If you had a friend visiting you, what are some of the local spots you’d want to take them around to?
If a friend was visiting me for a week I would insist that it be when I am in Todos Santos, Mexico. I would pick them up from the airport and take her to La Lupita for the best tacos in San Jose with fresh margaritas, before setting off for the hour drive north west through the mountains then along the Pacific to Todos Santos. Something about jumping off the plane to immediately experience great food and culture says “bienvenidos a Mexico!” We would spend the week exploring different beaches, going on hikes, and most importantly eating more tacos all over the area. We’d go surfing at Cerritos beach and visit Barracuda Cantina for fresh ceviche and fish tacos for lunch. Dany the owner is an amazing mixologist and always comes up with the most delicious fresh exotic cocktails in the area as well. One day we would hike Punta Lobos, a short 4 mile round trip hike with lovely views of where the fishermen come in on their boats with all the fresh fish supplied to local restaurants, and a little ocean cove that you can jump into which is the perfect spot for a beach picnic. I would take them paddleboarding at Balandra Beach in La Paz, and swim with the whale sharks one day. Wednesday night we would go explore the nightlife of downtown, starting with a lovely dinner at Il Gardino, then cocktails at the local speakeasy the Dirty Rose, followed by a visit to Jardin Alquimia for live cumbia music and dancing all night long. The last day would be an easy day of long walks on the beach watching the surfers with whales breaching in the ocean, and watching the sea turtles being released at sunset.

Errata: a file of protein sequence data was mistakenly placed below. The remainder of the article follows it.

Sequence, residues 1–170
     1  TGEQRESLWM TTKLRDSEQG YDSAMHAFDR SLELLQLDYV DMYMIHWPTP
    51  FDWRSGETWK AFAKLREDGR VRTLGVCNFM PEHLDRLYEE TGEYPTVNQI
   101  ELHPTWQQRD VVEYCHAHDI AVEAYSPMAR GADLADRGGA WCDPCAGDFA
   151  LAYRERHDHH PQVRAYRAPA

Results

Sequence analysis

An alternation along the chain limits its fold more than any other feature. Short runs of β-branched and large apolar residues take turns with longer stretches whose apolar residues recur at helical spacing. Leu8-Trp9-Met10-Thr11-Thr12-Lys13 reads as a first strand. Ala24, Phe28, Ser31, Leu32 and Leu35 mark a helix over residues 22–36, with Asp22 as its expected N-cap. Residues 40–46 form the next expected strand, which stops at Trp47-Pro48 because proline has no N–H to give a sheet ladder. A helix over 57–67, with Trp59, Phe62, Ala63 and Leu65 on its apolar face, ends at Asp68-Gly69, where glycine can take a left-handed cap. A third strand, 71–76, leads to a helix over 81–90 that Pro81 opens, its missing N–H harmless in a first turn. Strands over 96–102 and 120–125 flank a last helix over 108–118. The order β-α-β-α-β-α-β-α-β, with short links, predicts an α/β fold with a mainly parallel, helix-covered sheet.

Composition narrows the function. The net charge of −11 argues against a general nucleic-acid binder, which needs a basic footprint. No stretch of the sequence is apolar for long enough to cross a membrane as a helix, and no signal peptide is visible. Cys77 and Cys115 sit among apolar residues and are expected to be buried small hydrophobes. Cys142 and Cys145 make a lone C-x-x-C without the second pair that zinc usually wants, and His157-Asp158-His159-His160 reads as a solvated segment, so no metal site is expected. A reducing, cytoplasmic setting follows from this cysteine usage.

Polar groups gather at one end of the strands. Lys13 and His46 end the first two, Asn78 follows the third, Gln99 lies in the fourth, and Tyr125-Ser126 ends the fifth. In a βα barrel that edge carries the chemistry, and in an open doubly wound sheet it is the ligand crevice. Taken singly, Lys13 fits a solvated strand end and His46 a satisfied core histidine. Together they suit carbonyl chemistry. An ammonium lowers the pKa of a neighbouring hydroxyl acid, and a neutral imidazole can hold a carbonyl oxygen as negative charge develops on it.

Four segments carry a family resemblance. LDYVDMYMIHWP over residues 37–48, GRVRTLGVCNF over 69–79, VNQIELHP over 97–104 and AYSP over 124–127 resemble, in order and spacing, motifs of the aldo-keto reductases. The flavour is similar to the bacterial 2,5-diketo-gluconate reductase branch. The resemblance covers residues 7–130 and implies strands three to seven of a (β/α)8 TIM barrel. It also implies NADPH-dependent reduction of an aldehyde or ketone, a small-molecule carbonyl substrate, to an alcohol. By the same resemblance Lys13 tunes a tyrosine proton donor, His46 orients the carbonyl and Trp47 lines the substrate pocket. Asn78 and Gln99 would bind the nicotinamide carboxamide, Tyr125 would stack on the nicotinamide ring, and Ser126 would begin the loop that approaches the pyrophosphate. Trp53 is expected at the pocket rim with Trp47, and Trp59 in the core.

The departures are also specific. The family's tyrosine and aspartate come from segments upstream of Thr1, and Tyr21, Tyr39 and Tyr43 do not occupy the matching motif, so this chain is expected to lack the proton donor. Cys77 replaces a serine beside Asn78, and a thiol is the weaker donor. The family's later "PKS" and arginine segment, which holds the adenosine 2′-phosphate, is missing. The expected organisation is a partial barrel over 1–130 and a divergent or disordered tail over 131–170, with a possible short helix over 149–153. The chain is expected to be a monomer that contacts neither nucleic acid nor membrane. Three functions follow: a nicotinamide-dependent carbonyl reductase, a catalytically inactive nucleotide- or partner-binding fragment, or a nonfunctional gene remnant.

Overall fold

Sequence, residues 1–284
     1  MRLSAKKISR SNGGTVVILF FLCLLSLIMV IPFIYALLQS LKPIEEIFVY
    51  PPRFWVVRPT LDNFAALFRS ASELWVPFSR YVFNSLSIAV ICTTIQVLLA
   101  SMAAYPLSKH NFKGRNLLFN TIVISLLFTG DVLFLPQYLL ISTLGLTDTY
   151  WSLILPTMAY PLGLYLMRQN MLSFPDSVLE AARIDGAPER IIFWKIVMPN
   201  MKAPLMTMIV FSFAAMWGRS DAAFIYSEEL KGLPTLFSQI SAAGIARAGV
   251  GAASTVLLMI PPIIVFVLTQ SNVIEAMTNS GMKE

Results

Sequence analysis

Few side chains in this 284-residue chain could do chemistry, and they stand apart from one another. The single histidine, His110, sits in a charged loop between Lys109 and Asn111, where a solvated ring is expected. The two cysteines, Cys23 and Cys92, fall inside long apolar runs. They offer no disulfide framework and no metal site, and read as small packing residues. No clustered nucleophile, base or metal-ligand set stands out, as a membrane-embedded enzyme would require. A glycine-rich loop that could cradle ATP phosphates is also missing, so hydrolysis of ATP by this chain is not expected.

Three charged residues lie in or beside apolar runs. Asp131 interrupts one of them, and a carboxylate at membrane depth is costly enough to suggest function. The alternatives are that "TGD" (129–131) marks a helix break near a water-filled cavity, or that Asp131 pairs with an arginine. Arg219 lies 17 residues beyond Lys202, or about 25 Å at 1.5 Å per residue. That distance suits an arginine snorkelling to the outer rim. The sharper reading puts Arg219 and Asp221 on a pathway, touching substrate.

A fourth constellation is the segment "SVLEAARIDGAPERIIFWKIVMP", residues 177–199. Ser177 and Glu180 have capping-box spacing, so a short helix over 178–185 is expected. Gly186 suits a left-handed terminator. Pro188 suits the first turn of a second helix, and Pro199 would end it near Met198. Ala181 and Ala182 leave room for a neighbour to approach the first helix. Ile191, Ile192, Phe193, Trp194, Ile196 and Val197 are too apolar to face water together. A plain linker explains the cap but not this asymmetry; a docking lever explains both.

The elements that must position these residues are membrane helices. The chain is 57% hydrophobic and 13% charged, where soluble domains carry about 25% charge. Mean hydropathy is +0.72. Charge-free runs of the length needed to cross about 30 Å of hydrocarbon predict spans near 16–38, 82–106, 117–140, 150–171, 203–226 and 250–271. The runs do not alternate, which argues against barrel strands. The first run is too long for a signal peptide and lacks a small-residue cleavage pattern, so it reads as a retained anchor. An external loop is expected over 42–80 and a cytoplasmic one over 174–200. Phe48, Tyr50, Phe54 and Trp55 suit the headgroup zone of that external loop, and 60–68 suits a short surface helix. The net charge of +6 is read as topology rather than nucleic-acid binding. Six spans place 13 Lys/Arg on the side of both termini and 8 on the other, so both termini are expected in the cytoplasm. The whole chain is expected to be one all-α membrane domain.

The Shoutout series is all about recognizing that our success and where we are in life is at least somewhat thanks to the efforts, support, mentorship, love and encouragement of others. So is there someone that you want to dedicate your shoutout to?
There are many people that I owe my success story to – I am very grateful to have a wonderful support system. My parents for always encouraging me to do what I love, Aliana who is like a sister and has always picked me up off the floor from all the hard moments to tell me “you got this” Alexis, a dear jeweler friend that I look up to as a mentor who always has wonderful advice and words of encouragement about the industry. My friend Malwina who forced me to go to my first farmers market and show my work even though I didn’t think I was ready. Charlene Modena the Director of the Jewelry & Metal Arts Program at the Academy of Art for that meeting and accepting my transfer into the program. Emilie Shapiro’s Book “How To Create Your Own Jewelry Line” which I reference often. Countless other friends who have shared their knowledge in photography, web design, and social media, or have been there to show support by showing up, and of course, my loyal customers who have made my dream of making my living as a jeweler possible.